Despite angry Republican denunciations of the Massachusetts courtís decision, federal intervention to stop gay marriages is not likely. Republicans are threatening to pass a constitutional amendment defining marriage as between a man and a woman, but any enacting any law requiring ratification by 38 states is virtually impossible. As for the Democrats, just look at the six major presidential candidates: They all support civil unions but oppose gay marriage; they know they donít want to be talking about this issue next Fall. A Pew Research Poll in October found that while Republicans oppose gay marriage five to one, Democrats are split 46% for and 48% against.
The states donít have the luxury of inaction, but theyíre dealing with the issue at their own speeds. Vermont grappled with it in 2000. The state Supreme Court had ruled the previous year on behalf of three same-sex couples that the legislature had to pass a law giving them at least the same legal rights as married couples. But the justices made it clear in their decision that civil unions, which provide all the civil rights of marriage without the actual marriage, would be just fine. Then-Governor Howard Dean jumped on that life raft, backing a civil unions bill. The legislature passed it after contentious debate, Dean signed it without cameras in the room and Vermont made history. Some legislators in both parties lost their jobs that fall, but Dean kept his, and polls showed a slight majority of the state had accepted the unions law.
Massachusetts doesnít have that luxury because its justices did not provide an easy way out. The 4-3 decision said that under the state constitutionís guarantees of equality, the state may not exclude ďqualified same-sex couples from access to civil marriage.Ē Then, just to make sure the court wasnít the only controversial government institution in town, the justices delayed implementing their ruling for 180 days to allow the legislature to craft a law to implement the decision. Republican Governor Mitt Romney has said he will push for an amendment to the state constitution banning marriage rights for homosexuals. But heíll have to wait amending the constitution requires votes on any measure in two straight legislative sessions and then a statewide referendum, meaning nothing will happen on that front for three years. (Apparently John Adams didnít want hasty amendments when he wrote the stateís constitution 223 years ago). Some Democrats had been backing a civil unions bill before the decision came down, but now that bill wonít satisfy the courts, and they donít want to push for full marriage rights. Many legislators are just throwing up their hands. If they do nothing, the courtís decision will allow marriages and lawmakers wonít take the blame they hope.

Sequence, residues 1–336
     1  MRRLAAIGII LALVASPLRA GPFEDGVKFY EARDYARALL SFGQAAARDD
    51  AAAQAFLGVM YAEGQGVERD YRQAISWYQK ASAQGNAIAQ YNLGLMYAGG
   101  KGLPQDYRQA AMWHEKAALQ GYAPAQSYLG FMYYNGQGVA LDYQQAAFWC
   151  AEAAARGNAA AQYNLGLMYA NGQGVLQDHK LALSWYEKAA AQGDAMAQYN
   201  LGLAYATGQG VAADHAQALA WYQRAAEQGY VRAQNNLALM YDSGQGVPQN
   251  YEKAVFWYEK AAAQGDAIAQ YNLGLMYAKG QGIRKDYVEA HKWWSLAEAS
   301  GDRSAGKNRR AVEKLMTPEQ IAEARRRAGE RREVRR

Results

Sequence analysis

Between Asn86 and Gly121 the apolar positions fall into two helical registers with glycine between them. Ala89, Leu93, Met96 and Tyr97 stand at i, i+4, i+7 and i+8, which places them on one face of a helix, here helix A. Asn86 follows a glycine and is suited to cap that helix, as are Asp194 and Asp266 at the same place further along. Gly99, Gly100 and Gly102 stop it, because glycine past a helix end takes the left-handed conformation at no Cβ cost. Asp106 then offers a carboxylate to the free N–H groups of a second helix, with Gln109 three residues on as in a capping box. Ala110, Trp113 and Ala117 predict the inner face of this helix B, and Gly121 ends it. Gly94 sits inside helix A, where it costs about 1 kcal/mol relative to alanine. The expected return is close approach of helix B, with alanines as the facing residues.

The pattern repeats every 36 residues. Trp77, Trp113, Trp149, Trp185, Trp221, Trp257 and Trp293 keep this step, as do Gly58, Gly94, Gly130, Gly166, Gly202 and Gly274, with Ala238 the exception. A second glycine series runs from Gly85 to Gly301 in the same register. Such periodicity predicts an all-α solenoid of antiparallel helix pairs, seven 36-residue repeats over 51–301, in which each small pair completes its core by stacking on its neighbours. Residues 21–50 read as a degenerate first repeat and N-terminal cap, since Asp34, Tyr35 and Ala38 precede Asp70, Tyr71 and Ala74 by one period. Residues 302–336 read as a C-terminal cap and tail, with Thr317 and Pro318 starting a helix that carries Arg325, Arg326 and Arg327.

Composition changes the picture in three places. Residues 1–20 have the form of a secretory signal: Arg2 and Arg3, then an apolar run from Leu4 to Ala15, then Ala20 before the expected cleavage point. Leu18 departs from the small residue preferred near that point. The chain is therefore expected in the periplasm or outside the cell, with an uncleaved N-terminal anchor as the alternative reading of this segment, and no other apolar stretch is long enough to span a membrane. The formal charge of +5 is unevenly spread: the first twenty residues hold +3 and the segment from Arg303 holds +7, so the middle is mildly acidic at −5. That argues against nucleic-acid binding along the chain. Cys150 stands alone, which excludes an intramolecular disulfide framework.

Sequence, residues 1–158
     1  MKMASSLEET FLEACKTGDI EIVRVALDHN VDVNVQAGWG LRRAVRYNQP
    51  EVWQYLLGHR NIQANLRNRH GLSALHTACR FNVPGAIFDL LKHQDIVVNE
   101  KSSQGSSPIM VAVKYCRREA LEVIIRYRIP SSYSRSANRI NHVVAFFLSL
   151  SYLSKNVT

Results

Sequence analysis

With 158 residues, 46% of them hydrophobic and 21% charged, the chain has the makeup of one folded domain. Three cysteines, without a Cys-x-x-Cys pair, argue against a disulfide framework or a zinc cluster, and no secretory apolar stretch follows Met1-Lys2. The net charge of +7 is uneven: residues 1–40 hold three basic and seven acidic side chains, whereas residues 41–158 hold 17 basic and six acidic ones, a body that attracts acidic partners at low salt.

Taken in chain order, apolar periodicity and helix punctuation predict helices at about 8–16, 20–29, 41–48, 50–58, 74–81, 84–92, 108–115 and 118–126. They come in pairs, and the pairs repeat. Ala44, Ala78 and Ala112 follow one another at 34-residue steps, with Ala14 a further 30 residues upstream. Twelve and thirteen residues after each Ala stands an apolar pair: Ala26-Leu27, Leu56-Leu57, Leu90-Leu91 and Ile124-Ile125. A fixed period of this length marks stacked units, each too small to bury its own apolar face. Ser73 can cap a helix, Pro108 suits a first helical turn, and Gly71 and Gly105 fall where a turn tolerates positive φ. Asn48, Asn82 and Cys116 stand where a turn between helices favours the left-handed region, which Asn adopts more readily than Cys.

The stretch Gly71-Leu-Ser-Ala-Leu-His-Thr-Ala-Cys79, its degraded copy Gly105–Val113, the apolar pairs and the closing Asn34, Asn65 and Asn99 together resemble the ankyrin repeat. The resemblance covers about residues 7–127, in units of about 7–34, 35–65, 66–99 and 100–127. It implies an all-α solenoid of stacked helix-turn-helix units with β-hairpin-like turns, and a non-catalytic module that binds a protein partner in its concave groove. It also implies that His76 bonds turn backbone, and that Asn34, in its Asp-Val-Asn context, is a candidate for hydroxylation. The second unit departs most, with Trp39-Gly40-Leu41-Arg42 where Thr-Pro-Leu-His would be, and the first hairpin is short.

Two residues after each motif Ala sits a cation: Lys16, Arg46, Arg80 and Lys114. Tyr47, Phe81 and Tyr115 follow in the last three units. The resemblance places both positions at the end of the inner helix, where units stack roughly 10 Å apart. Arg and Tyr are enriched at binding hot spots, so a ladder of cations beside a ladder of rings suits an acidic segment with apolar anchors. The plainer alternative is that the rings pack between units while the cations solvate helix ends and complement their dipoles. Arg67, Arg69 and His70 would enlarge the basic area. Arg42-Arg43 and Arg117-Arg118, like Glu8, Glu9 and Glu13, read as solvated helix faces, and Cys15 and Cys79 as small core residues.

The Louisiana legislature is not even contemplating gay marriage. Reform-minded lawmakers are still having no luck outlawing discrimination against gays. Protecting homosexuals from abuse and losing their jobs needs to come first. But the issue has come up in New Orleans. Ten years ago, the city council established a registry for homosexual domestic partners. By registering, couples could receive benefits from any employers offering them. Across the country, more than 50 cities and counties offer such registries. In 1997, New Orleans also began offering benefits to domestic partners of municipal employees. Now six city residents five members of the Vieux Carrť Assembly of God Church in the French Quarter and their pastor, the Rev. Gregory Pembo are suing the city to abolish the registry and benefits, angry that their tax dollars are providing benefits to homosexual partners. A decision in the case is expected in the next six months.
Polls show younger Americans are far more supportive of gay marriage than their elders. In all likelihood, this issue will be settled in patchwork fashion in individual states and cities in years to come. Thatís not new. In 1948 California was the first state to forbid a prohibition on interracial marriage, but the U.S. Supreme Court did not conclusively strike down such barriers until 1967. Whether itís fair or not, when it comes to divisive social issues, Americans sometimes need a little time to see things arenít so black and white.